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The Carmarthenshire Historian


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Thumb the stones in the parishes of local history and pages unfold; lift the turf and the evidence of human sojourn is uncovered. Everywhere the seals of our forefathers are pressed upon the landscape, though some are barely visible. The illiterate marks of pristine generations are almost one with the earth, but mound, ditch and rampart yet lure the curiosity of the archaeologist. More literate signs are plain to recognise; castle, church and mansion invite the interest of all who take pleasure from walking into the past.

But of our oldest buildings, only the churches have commonly survived for present use. Castle and manor-house may here and there boast inhabitants since medieval times, but everywhere the ancient churches practise their timeless liturgy. Despite renovation and the plunders of time, they remain substantially old; Tudor rapacity, Puritan zeal and Victorian restoration have not wholly eroded the original creation.

If the parish records have disappeared, the church, its style sullied perhaps, is likely still to be there to confront us like some three-dimensional palimpsest reminding us that architecture is history written in stone. Styles they may be, but Romanesque, Early English, Decorated and Perpendicular are not fashions; they are stages that reveal the evolving skill of builder and craftsman, aided by tools and knowledge that improved with the centuries. And whatever the style, it is probable that the pattern of the church will be a legacy of the Celtic influence which ordained the square eastern end or chancel and the tower west of the nave. Learn the language and the story is there to read in the fabric.

Yet assembled stone is not of itself permanent. Without continuing care, an unused church yields to nature like a forsaken dwelling and when it crumbles a limb of the parish withers. Sad therefore is the pilgrimage that ends in a shell of roofless walls, which is all that remains of St. Teilo's little church at Llandeilo Abercywyn on the east bank near the mouth of the Taf where earlier pilgrims crossed themselves protectively before taking the ferry on their journey to the shrine of St. David. Irreligious weeds, moved by the wind, dance a pagan ritual where priests chanted through the holy generations. Gone is the rude furniture, the three-decker pulpit included, that was the pride of a rustic craft. Nothing breaks the winter quiet but a mateless bird in tune with the melancholy chorus of pilgrim voices coming down the channels of the wind.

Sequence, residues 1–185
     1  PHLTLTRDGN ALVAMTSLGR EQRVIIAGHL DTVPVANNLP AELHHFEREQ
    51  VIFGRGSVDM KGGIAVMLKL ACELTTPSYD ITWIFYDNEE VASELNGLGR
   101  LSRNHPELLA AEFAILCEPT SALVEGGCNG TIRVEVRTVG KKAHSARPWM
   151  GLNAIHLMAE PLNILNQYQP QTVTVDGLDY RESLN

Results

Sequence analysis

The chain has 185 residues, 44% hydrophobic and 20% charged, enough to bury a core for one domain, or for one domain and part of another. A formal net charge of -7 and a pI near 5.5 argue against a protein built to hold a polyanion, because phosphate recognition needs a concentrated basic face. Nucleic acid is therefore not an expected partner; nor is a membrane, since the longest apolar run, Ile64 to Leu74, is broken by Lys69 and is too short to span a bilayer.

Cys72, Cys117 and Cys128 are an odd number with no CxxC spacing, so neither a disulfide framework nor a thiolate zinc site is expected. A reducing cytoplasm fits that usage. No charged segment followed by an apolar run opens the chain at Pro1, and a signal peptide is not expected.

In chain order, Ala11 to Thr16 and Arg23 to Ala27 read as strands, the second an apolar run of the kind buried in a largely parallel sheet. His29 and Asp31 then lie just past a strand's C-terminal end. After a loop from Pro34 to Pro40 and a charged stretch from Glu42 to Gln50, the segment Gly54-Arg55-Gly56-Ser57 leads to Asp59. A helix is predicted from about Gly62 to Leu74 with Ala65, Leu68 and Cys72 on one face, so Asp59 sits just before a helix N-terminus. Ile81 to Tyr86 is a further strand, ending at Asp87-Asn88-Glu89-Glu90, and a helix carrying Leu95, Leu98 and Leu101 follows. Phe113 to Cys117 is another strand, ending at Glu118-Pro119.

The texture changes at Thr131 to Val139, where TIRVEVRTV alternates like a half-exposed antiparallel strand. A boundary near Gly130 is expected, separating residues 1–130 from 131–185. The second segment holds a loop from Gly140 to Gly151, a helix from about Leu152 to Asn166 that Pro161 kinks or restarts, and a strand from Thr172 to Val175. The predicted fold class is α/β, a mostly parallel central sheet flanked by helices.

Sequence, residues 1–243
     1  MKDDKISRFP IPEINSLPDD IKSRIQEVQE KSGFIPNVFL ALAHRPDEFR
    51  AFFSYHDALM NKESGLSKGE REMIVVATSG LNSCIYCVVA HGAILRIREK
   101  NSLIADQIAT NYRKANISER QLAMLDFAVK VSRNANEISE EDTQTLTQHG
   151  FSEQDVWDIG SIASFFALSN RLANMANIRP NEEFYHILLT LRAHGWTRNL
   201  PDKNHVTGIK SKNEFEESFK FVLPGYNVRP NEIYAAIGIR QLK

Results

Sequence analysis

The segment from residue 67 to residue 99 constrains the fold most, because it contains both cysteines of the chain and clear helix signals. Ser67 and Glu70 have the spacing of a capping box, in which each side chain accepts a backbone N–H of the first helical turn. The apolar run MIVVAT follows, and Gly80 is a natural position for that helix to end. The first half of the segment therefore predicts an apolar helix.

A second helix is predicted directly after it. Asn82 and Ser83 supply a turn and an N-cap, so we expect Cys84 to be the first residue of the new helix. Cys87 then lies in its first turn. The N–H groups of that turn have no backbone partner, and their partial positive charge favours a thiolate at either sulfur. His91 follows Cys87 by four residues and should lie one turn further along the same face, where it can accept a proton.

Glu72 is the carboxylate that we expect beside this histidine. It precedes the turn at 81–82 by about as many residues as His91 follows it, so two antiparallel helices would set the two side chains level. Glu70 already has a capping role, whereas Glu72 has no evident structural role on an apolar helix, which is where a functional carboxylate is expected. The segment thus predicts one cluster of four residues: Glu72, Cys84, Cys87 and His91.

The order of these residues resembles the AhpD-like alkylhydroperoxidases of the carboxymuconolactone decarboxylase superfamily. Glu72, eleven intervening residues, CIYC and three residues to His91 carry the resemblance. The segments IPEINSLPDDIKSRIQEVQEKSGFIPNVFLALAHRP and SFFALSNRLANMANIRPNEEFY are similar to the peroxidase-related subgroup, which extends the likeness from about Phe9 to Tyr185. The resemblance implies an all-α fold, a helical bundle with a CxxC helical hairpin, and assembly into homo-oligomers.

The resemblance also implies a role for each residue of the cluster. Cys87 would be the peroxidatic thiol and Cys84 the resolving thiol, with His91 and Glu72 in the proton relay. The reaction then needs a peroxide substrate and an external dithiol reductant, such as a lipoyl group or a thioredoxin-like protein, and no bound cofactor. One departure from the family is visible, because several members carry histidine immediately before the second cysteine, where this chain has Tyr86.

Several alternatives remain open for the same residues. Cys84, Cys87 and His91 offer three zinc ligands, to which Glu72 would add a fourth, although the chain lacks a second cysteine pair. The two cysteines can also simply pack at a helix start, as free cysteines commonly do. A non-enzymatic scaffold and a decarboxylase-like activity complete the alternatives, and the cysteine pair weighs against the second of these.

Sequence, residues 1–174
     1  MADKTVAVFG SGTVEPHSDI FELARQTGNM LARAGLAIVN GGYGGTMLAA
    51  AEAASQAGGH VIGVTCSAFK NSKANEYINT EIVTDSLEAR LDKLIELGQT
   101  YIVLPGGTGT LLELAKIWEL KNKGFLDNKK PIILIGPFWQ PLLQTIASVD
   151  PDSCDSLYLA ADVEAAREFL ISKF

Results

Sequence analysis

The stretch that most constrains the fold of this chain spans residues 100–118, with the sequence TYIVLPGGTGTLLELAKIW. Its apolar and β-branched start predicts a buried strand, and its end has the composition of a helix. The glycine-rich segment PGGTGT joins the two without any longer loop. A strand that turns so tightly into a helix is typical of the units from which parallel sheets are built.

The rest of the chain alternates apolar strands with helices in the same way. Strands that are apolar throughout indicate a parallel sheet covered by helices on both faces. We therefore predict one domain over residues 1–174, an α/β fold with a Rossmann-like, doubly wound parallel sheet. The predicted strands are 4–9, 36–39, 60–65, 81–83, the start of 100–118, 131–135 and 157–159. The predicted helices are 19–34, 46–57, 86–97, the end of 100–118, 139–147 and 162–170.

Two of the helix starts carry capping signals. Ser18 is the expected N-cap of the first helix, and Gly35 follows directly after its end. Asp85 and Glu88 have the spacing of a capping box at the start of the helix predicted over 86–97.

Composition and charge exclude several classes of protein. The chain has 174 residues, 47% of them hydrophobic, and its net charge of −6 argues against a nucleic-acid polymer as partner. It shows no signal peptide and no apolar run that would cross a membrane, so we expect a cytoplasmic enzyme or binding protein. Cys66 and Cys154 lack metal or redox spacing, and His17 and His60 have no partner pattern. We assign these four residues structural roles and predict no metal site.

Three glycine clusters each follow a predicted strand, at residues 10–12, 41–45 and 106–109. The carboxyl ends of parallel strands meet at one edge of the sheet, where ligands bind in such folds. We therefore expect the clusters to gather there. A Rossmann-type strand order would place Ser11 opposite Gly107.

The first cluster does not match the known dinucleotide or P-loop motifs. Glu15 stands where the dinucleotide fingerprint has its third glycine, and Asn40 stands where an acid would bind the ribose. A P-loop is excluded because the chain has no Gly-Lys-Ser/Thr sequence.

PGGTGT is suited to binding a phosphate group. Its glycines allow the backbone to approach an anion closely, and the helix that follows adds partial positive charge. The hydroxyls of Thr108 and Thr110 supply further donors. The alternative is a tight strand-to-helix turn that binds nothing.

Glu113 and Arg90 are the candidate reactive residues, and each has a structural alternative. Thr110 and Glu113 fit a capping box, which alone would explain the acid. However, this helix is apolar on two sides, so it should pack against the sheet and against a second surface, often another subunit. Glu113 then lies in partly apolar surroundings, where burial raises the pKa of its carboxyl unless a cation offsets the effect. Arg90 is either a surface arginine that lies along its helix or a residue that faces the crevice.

Even the remembered dead are forgotten at last, the lost memorials no longer testimony to their worth; they share cold beds with anonymous companions whose lowly station denied them a lapidary legend. But some still cling to immortality. Awry and drowning in the churchyard's rising tide of vegetation, a solitary gravestone makes a last appeal to human memory. In the porch a congregation of rescued headstones sing praises to each other and pray for life everlasting. One, with uncharitable economy, proclaims the life and death of

departd novber ye 5t
Aged 29
Unsexed and nameless, W.D. has triumphed over oblivion for as long as the incised stone and this page shall last.
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